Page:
Find the volume of the solid whose base is the region in the xy-plane bounded by the given curves and whose cross-sections perpendicular to the x-axis are (a) squares, (b) semicircles, and (c) equilateral triangles. for y=x^2,
Find the indefinite integral of (1-sqrtx)/(1+sqrtx)dx I just worked completely through this problem using substitution (u=1+sqrtx) and came to the answer 3+4sqrtx+x+C. This is incorrect. Not sure where I messed up.
Evaluate the integral of 1/(1+sqrtx)^4 from [0,1] I started off letting u=1+sqrtx and du=1/2sqrtx, but then there is no 1/2sqrtx in the equation. What am I suppose to do next? The answer in the book is 1/6.
I don't know if I did these problems correctly. Can you check them? Use Integration by parts to solve problems. integral x^3(lnx)dx u=lnx dv=x^3dx du=1/x v=x^4/4 Answer:(x^3)(lnx)-(x^4/16) integral xcosxdx x cosx 1 sinx 0 -cosx
find integral using table of integrals ) integral sin^4xdx this the formula i used integral sin^n xdx =-1/n sin^n-1xcosx +n-1/n integral sin^n-2 using the formula this is what i got: integral sin^4xdx=-1/4sin^3xcosx+3/4 integral
y = tan(sqrtx) Find dy/dx. So I found it and I got the answer as sec^2(sqrtx) but the answer is (sec^2(sqrtx))/2(sqrtx)...why? ---------------------------------- 2) Find the line which passes through the point (0, 1/4) and is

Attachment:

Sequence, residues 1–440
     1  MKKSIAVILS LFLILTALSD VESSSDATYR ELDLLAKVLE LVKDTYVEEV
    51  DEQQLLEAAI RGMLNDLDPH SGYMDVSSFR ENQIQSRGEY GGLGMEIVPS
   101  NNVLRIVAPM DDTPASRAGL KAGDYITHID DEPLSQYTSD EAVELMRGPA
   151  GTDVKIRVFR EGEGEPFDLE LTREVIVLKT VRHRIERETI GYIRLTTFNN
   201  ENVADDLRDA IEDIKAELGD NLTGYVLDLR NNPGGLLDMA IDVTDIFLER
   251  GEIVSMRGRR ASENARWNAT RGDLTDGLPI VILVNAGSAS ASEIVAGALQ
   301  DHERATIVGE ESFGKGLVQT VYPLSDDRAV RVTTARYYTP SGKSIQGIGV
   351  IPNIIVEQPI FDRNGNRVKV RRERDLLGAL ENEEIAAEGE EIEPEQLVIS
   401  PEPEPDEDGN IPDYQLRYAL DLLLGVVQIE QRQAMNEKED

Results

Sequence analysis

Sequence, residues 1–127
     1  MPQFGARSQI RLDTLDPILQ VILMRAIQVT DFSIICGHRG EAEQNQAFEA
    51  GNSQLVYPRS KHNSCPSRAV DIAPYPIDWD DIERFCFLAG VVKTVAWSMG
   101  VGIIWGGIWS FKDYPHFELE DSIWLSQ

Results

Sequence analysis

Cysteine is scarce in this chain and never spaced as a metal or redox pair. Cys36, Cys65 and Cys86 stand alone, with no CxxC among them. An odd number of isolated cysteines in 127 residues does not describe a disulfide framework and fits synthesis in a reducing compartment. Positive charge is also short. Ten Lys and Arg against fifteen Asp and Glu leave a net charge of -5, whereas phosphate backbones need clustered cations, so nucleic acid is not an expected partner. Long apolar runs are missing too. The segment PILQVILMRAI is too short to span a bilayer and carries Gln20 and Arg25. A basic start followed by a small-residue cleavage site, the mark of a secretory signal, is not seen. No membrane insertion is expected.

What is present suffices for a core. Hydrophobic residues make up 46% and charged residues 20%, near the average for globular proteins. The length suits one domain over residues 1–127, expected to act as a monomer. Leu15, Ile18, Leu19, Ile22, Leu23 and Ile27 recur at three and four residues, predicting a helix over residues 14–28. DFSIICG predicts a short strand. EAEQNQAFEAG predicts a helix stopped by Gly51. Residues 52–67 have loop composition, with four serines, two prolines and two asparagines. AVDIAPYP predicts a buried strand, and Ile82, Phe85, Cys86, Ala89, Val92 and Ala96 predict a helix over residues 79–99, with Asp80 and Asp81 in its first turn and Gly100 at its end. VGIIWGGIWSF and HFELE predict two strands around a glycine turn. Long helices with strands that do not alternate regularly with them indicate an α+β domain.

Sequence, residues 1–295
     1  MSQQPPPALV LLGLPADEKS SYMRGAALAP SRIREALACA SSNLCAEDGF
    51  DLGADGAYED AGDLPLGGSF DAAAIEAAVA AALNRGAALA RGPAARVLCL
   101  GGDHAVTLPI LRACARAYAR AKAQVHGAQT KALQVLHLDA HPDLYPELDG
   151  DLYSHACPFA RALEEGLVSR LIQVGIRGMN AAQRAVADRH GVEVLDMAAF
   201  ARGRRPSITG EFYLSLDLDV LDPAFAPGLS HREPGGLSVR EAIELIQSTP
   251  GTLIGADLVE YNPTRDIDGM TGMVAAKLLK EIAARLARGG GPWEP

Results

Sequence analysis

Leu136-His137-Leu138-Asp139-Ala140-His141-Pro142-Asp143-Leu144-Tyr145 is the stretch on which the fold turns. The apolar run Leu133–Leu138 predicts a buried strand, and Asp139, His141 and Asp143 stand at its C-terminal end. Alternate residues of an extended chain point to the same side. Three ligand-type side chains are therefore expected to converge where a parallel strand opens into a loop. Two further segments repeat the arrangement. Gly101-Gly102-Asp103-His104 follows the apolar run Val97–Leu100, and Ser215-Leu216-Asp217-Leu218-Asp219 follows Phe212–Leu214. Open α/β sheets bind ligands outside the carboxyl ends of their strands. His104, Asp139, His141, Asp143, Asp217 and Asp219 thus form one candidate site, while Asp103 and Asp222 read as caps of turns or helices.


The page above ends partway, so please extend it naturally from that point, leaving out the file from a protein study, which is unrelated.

That's the same as the integral of sin^2 x dx. Use integration by parts. Let sin x = u and sin x dx = dv v = -cos x du = cos x dx The integral is u v - integral of v du = -sinx cosx + integral of cos^2 dx which can be rewritten
Please help me simplify: 4sqrtx^12/24sqrtx^2 *Is this correct: 2sqrt4/12x The answer you get depends upon where you put the parentheses, and you don't show any. I don't see any way of coming up with your answer. 4 (sqrtx)^12/ 24
how do you determine the convergence of : definite integral from 1--> infinity of lnx/(x^3)? i set the problem as lim (R--->infinity) of the integral of lnx/(x^3) from 1--->R, but i can't compute the integral.